ULA to create 75 jobs, add rockets
United Launch Alliance, one of Decatur’s largest employers, expects to add up to 75 employees to its facility this year after adding 150 in 2011.
The plant has about 800 employees and 200 contract workers.
Dan Caughran, the Decatur site leader, said last week the plant will assemble roughly 13 rockets in 2012, up from nine in 2011. All ULA rockets are assembled in Decatur.
New employees likely would include aerospace technicians and some engineers, though specifics regarding positions and pay were not revealed.
The surge — almost exclusively for U.S. government customers — comes at a time when Congress is gridlocked on even the smallest budget items.
ULA is producing 50 percent more rockets, each with a price tag reported to be in the hundreds of millions of dollars.
“A lot of these satellites were programs that started in the early 2000s,” said Huntsville-based Phil Marshall, head of Alabama government relations and business development. “They had their own development challenges.”
On Wednesday, a ULA Atlas V is scheduled to launch the Mobile User Objective System-1 satellite from Cape Canaveral, Fla.
The Defense Department satellite will use 3G mobile communications technology to improve military communications. The $2.1 billion contract for two MUOS satellites was awarded in 2004.
The following Atlas V launch, scheduled for April, is the second in a series of communications satellites contracted out by the Air Force in 2000. The satellites are designed to provide reliable military communications for the United States and a handful of allies capable of operating through nuclear war.
In these budget-cutting days, grumbles about ULA launch costs has been routine. ULA will not disclose the cost of each launch, but the Air Force typically pays $200 million to $300 million for an Atlas V launch, including the assembled rocket, fuel and other costs.
While the price tag is high, it typically is much less than the cost of satellite it launches.
A failed launch not only would waste money that used to develop the satellite, it would delay implementation of technologies designed to protect U.S. troops.
Launch reliability, therefore, is crucial, and ULA appears unmatched in that category with 57 consecutive successful missions.
Reliability is even more important as ULA and competitor Space Explorations seek to provide the launch vehicle that NASA chooses to replace the retired shuttle program. In those missions, the lives of astronauts also will be at stake.
SpaceX’s Falcon 9 has launched only twice. A planned launch last month — which would have sent an unmanned space capsule to the International Space Station — was postponed indefinitely by the company. SpaceX projects lower costs for its launches, however, than ULA.
Caughran said ULA has a proven record and “the mature design and processes that will enable us to continue developing that reliability.”
Four companies are working with NASA in a competition aimed at servicing the space station. Three — Boeing, Sierra Nevada and Blue Origin — would use the Atlas V. The fourth, SpaceX, would use its own Falcon 9.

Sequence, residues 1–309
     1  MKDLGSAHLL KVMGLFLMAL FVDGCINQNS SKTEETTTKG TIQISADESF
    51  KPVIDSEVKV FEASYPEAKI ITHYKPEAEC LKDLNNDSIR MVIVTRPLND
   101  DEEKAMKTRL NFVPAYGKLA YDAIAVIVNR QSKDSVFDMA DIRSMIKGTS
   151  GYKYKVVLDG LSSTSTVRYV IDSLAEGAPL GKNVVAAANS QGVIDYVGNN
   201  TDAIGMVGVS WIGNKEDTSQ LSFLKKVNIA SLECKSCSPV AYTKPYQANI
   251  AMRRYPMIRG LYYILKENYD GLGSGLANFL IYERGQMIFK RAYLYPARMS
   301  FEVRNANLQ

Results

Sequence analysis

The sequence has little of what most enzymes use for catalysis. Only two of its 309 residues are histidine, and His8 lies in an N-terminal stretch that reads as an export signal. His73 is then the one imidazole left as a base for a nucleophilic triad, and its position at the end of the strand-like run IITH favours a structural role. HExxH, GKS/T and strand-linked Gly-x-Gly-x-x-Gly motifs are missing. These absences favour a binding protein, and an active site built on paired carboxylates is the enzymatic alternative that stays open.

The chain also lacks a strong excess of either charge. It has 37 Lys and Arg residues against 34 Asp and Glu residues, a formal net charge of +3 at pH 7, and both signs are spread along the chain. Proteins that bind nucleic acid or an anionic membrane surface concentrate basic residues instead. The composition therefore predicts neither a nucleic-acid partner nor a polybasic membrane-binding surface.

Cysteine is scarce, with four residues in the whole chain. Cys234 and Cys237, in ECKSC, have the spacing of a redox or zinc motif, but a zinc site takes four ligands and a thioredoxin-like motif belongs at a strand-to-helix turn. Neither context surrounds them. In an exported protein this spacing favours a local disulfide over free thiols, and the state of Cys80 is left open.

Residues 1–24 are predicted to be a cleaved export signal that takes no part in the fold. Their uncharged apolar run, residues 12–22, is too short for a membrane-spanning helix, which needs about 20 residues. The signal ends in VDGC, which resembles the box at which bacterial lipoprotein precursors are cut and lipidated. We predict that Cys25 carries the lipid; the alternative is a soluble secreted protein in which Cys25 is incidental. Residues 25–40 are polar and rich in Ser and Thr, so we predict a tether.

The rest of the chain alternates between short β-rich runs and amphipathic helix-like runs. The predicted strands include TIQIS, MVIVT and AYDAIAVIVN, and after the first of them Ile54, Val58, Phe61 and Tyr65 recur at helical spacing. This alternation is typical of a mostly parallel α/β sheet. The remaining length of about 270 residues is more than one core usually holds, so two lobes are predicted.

NASA expects to make Commercial Crew Integrated Capability Initiative awards this summer, with values ranging from $300 million to $500 million.
Chavez said it would take ULA about three years to complete a human-rated Atlas V after NASA makes a selection.
“The long pole in the tent is the space vehicle, not the launch vehicle,” Chavez said. “We’re not going to redesign the Atlas V for the spacecraft. We’re going to integrate with the spacecraft.”
Caughran said that if NASA selects a proposal that uses the Atlas 5, Decatur would benefit.
“Clearly there would be additional work that would be put in the Decatur plant,” Caughran said. “It’s premature to know exactly what magnitude.”
ULA launched three of its smaller Delta IIs last year, but no launches are slated this year. That could change, Marshall said, and if it does, ULA may boost employment even higher this year.
“It’s primarily on the NASA side that we see the current interest in the Delta II, but there are some other possible commercial markets out there,” Marshall said.
Another development that could benefit hiring at the Decatur plant is a controversial “bulk buy” in which the Air Force would commit to purchasing rockets for a time period of three to seven years.
“Typically in the past, they would contract one launch at a time,” Marshall said. “That made for an unstable supply chain. What a multi-year buy, or block buy, allows us to do is make long-time commitments with our supply chain. When they know they have a certain number of vehicles out over three to five years, that can make some dramatic cost improvements.”
Sen. John McCain, R-Ariz., has been a critic of the bulk-buy plan, which received funding in President Obama’s proposed Pentagon budget last week.
ULA occasionally has struggled to receive support from Alabama’s congressional delegation, especially with Obama’s increased reliance on the private sector for servicing the International Space Station. That placed ULA and NASA Marshall Space Flight Center interests at odds.
Those tensions are subsiding, Marshall said.
“Over the last year we’ve seen significant support,” he said. “We’ve always had strong support from (Rep. Robert) Aderholt (R-Haleyville). I think (Rep.) Mo Brooks (R-Huntsville) is definitely onboard. ...”
In September, ULA hired Mark Bitterman — formerly of Orbital Sciences and SpaceX — as vice president of expanded Washington, D.C., operations.